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Blow Dry
2 reviews

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Movie Details

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Directed By
Paddy Breathnach

Written By:
Simon Beaufoy

Alan Rickman, Natasha Richardson, Rachel Griffiths, Rachael Leigh Cook, Josh Hartnett, Bill Nighy, Warren Clarke, Rosemary Harris, Hugh Bonneville, Peter McDonald, Michael McElhatton, David Bradley, Heidi Klum, Ben Crompton, Ann Rye

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Blow Dry (2001)
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Movie Review by Zara
April 28th, 2009

There's something more gentle and light humoured about British comedies when they approach problems between family members or dealing with the topic of cancer. Americans either turn cancer issues into something overly dramatic (sometimes for good reason, most other times needlessly dour) or into caustic comedy. I'm not entirely against a caustic comedy about a deadly disease, but there's something so refreshing about watching one where everyone looks around, says "this sucks" and then makes the best of it with little bitter commentary.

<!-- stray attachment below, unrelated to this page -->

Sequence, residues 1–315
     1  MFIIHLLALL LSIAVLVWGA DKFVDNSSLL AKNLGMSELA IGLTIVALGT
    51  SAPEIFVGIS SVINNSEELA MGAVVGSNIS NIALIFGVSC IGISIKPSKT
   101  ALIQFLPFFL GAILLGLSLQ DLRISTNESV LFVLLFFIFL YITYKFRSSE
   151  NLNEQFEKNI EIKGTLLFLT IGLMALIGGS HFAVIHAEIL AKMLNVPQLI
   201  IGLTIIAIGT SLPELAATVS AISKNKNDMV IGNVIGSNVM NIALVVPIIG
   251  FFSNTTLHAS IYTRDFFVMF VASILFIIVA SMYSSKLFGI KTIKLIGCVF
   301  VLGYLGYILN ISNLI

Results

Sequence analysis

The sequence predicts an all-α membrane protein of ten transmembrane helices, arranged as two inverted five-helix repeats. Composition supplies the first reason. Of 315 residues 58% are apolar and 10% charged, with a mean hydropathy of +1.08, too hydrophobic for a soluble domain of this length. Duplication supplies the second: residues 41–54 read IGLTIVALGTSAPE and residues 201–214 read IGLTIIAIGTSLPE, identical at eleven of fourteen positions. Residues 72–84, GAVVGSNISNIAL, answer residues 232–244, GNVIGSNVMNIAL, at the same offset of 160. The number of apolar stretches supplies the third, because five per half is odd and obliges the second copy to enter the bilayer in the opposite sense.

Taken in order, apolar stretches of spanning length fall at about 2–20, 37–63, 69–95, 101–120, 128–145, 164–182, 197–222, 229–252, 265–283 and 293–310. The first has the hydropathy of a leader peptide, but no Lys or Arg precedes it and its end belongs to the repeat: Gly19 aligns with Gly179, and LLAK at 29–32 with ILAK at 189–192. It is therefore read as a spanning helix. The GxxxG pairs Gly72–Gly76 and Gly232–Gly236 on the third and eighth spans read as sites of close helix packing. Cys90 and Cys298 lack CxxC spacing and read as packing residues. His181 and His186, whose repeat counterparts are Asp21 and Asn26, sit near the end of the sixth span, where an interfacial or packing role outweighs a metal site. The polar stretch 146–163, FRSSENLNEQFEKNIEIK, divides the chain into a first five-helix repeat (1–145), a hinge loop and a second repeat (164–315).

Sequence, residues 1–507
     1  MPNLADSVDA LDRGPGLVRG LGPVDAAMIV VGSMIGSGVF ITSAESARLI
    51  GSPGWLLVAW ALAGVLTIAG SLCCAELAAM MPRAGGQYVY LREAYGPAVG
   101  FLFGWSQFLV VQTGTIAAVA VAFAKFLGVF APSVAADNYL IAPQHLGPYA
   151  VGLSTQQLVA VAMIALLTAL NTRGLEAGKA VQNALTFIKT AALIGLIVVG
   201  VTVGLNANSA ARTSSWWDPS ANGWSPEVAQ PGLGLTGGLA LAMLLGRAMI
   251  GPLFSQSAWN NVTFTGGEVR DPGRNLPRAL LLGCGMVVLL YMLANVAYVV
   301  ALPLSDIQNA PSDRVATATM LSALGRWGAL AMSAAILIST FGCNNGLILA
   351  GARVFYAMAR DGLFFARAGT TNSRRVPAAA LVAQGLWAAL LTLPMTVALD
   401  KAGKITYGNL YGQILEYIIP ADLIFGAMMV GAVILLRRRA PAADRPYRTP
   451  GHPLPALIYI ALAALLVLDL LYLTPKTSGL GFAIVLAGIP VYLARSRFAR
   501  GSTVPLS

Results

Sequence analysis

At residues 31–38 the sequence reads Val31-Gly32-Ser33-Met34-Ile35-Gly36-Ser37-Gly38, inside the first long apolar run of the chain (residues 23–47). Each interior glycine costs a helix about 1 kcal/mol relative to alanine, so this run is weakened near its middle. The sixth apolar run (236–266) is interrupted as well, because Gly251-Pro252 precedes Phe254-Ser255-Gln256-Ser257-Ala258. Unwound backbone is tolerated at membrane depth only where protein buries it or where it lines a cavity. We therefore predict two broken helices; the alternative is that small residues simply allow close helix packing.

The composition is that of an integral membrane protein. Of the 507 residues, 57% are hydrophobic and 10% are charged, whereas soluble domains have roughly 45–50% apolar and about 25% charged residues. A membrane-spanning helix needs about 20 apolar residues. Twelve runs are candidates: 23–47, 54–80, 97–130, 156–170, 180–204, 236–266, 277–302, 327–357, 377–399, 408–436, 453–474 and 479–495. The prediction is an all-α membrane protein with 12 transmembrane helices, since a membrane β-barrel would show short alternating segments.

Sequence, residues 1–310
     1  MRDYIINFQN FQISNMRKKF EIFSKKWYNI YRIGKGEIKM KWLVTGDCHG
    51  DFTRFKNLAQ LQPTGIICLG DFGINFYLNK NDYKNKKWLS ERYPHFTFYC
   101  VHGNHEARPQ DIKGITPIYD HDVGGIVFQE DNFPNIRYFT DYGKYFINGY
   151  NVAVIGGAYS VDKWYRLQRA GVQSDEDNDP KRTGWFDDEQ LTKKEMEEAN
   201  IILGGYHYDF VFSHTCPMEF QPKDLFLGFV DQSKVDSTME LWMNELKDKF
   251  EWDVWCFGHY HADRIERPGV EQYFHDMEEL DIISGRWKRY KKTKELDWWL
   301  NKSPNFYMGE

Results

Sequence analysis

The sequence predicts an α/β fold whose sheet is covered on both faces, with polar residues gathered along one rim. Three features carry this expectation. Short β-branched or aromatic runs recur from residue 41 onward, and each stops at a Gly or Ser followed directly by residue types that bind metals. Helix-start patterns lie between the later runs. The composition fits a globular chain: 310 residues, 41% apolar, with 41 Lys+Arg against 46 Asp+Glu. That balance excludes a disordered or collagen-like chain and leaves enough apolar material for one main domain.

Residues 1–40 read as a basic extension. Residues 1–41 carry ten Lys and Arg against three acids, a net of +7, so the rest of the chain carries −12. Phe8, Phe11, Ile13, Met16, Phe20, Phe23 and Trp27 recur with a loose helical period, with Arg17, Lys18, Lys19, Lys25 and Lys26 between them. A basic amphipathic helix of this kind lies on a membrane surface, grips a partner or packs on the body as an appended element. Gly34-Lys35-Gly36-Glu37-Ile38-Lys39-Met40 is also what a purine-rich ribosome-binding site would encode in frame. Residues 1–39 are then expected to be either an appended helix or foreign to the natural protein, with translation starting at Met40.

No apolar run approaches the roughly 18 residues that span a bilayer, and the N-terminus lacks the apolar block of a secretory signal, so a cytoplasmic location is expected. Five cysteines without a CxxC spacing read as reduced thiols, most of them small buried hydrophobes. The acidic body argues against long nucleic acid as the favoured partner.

At the heart of BLOW DRY, there is a cancer story, with the recently deceased Natasha Richardson glowing at the center of it. She was formerly a hair cutting champion alongside her husband (played with his usual dry, mesmerizing charm by Alan Rickman) before eloping with their hair model, a flaky but good-hearted and well-intentioned woman played just as well by Rachel Griffiths. When she finds out that her cancer has become incurable, instead of dwelling or even disclosing it with her girlfriend, she turns to her ex-husband and their grown son (played with a damn good accent by Josh Hartnett) to help win the British Hairstylist Competition when it comes to their small town.

The movie takes what was so cartoonish in movies like BARBER SHOP and BEAUTY SHOP and makes hair live and breathe during the individual events, from women's blow-dry to men's haircut and style to the "total look" which involves elaborate costuming and make-up and makes it just plain, simple fun. There are some elaborate moments where the competition is plotted to be fixed by the delightfully fun bad guy, Bill Nighy and there's a great small role with Heidi Klum as the disastrous wife of a pair of hair cutting brothers that she is cheating on one to be with another.

The only disappointment is in adding Rachael Leigh Cook to the mix as Nighy's estranged daughter who comes back from the states to help her father in the competition and has a mild affair with Hartnett, the two remembering one another from when they were children and their parents competed against one another. This isn't really necessary but it doesn't wholly detract from what is otherwise a fun comedy to watch and a good moral lesson to learn about getting past your past to hold onto your present and worry less about your future.

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